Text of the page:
Data released by the Office for National Statistics has provided more encouraging news on the UK economy.
Real output in Great Britain’s construction sector grew by 2.0% compared with the same month a year ago, due to a 5.8% increase in new work. The expansion in new work was partially offset by a 3.6% decline in repair & maintenance activity.
Scott Corfe, Managing Economist, Centre for Economics and Business Research, said: “The construction sector has fared poorly since the start of the financial crisis, with economic output in 2012 some 13.7% lower than in 2007.
“The latest labour market data show the number of workforce jobs in the sector in June 2013 was 11.6% lower than in June 2007 – 256,000 fewer jobs. Given this weak recent performance, the latest data from the ONS are welcome and suggest that the sector may be turning a corner.
Looking at new work in the construction sector, output growth was strongest for private housing, where construction activity in July 2013 was 14.7% higher than a year ago.
“This suggests that the recovery in the housing market seen in recent months, supported by schemes such as Help to Buy and Funding for Lending, is starting to translate into a recovery in house building.
“Infrastructure spending was 8.1% higher than a year ago in real terms, while private commercial construction activity was 6.6% higher. Weighing down on growth were declines in public non-infrastructure construction work, as well as declining work on private industrial construction.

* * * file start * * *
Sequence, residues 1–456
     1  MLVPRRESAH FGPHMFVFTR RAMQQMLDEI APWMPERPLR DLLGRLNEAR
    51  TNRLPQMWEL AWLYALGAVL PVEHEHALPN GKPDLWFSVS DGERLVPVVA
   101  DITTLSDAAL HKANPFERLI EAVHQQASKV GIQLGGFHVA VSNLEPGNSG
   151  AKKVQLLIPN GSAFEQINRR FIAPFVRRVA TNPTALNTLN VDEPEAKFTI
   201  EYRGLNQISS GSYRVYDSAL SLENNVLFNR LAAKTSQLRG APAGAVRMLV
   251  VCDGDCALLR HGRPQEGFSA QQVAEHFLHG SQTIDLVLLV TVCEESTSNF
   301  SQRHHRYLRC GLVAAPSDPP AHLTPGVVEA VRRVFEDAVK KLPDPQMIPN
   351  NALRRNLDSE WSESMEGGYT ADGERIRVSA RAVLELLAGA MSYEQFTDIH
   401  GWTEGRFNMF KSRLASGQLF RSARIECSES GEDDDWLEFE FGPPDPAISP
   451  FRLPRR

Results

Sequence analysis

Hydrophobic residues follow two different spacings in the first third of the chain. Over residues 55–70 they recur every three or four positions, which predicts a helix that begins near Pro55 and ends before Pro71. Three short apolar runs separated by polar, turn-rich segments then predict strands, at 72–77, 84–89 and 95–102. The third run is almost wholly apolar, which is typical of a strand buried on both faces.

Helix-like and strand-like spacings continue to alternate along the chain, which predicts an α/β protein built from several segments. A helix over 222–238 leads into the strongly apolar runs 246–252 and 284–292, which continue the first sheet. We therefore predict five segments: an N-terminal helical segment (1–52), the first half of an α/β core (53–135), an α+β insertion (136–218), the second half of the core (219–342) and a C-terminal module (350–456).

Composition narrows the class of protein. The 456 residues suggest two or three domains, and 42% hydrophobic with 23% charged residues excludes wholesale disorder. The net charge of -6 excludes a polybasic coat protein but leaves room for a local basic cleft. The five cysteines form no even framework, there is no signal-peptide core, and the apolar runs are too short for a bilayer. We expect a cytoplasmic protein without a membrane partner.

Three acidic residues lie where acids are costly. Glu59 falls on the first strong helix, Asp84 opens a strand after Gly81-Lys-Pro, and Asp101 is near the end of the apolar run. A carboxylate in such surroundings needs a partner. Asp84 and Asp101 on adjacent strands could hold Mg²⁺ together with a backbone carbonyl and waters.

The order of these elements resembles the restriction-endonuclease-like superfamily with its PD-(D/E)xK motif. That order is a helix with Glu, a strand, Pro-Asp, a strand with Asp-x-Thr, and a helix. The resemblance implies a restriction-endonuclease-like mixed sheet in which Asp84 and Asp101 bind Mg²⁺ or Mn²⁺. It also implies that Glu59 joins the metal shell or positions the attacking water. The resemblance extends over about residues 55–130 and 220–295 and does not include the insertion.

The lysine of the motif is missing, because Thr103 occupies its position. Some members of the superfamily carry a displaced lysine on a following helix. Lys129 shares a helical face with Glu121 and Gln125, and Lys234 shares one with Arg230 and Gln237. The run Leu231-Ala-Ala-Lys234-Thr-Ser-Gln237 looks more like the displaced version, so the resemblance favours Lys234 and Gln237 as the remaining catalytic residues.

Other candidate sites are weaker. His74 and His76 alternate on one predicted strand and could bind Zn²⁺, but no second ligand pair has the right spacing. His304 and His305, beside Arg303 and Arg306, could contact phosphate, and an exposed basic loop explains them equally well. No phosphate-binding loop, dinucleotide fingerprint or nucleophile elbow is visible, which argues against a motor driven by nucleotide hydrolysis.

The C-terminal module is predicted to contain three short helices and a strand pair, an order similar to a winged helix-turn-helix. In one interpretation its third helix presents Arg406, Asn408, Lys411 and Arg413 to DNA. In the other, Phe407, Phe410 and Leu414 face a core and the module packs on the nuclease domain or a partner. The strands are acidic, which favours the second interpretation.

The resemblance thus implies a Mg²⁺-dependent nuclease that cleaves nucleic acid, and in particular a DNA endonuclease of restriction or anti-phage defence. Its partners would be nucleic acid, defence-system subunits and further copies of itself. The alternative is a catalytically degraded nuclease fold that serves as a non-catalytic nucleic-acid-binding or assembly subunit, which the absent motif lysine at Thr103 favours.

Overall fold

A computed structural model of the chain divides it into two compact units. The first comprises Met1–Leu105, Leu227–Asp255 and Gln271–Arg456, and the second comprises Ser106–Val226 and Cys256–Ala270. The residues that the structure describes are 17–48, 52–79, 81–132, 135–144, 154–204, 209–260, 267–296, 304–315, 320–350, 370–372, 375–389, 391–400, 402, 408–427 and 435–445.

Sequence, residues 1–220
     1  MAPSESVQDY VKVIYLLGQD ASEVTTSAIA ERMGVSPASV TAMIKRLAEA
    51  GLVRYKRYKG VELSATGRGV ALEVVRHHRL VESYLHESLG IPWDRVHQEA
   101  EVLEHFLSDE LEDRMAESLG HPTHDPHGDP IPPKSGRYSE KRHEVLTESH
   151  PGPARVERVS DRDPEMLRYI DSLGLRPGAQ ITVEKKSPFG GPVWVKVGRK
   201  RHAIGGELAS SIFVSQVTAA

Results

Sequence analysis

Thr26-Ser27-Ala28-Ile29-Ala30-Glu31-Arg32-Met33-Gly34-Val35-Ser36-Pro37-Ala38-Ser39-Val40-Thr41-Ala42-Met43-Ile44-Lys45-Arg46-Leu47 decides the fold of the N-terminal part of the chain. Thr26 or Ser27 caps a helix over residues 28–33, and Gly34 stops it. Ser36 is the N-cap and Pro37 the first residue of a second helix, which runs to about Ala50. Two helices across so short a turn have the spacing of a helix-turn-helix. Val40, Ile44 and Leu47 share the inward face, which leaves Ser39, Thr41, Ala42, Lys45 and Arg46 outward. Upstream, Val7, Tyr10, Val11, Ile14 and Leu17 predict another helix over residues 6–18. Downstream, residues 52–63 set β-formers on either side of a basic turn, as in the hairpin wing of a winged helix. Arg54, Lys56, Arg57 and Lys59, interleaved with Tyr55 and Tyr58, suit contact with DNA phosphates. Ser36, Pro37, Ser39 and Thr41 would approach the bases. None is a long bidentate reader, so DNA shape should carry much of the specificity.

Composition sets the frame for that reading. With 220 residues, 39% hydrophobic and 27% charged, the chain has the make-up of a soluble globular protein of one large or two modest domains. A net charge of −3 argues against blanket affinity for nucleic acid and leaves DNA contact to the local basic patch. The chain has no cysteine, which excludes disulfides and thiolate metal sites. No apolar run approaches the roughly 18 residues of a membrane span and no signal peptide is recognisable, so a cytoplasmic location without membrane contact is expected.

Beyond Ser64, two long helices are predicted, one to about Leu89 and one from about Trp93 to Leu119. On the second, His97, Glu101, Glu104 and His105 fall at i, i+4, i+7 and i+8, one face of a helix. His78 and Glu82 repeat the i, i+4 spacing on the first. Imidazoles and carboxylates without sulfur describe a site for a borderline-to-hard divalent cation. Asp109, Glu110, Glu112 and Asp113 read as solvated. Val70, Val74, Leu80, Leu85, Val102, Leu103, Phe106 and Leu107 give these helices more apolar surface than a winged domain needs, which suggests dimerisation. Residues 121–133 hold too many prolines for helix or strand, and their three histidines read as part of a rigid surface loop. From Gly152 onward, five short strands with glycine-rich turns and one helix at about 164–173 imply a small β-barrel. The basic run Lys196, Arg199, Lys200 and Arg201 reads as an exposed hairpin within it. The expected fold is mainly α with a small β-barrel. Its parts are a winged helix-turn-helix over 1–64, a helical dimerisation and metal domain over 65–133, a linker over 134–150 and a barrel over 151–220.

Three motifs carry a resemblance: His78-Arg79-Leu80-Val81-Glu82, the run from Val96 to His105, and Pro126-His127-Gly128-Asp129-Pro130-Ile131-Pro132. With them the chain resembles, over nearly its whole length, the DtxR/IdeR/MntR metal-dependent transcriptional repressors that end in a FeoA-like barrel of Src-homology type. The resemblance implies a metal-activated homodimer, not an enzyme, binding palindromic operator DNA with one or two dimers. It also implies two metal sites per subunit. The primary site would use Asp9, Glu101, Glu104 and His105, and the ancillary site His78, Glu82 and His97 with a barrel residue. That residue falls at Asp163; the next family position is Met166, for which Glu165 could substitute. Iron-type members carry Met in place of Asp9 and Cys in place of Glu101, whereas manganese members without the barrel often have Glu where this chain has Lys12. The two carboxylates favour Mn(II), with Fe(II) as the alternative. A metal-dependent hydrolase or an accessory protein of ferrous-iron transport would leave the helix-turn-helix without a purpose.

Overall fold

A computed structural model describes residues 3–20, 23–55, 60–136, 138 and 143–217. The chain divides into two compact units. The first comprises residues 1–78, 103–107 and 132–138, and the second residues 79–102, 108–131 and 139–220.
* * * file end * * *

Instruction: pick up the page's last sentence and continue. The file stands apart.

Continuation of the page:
“Overall, the latest official data on construction are encouraging and we expect the sector to start making a more positive contribution to economic growth over the coming months. Unofficial measures of construction sector activity, such as the Markit/CIPS Purchasing Managers’ Index (PMI) for the sector, suggest that economic expansion continued in August.
“The Q3 2013 ICAEW/Grant Thornton Business Confidence Monitor also showed that confidence in the construction sector stands at a record level this quarter, providing a further indication that growth is returning. The strong growth in private sector housing construction is particularly promising, and may alleviate concerns in some quarters that government schemes such as Help to Buy are going to merely inflate house prices while doing nothing to increase the stock of housing in the UK. There are now tentative signs of a supply-side response to these schemes emerging though on balance these are, in Cebr’s view, unlikely to be enough prevent housing becoming less affordable over the coming years.”
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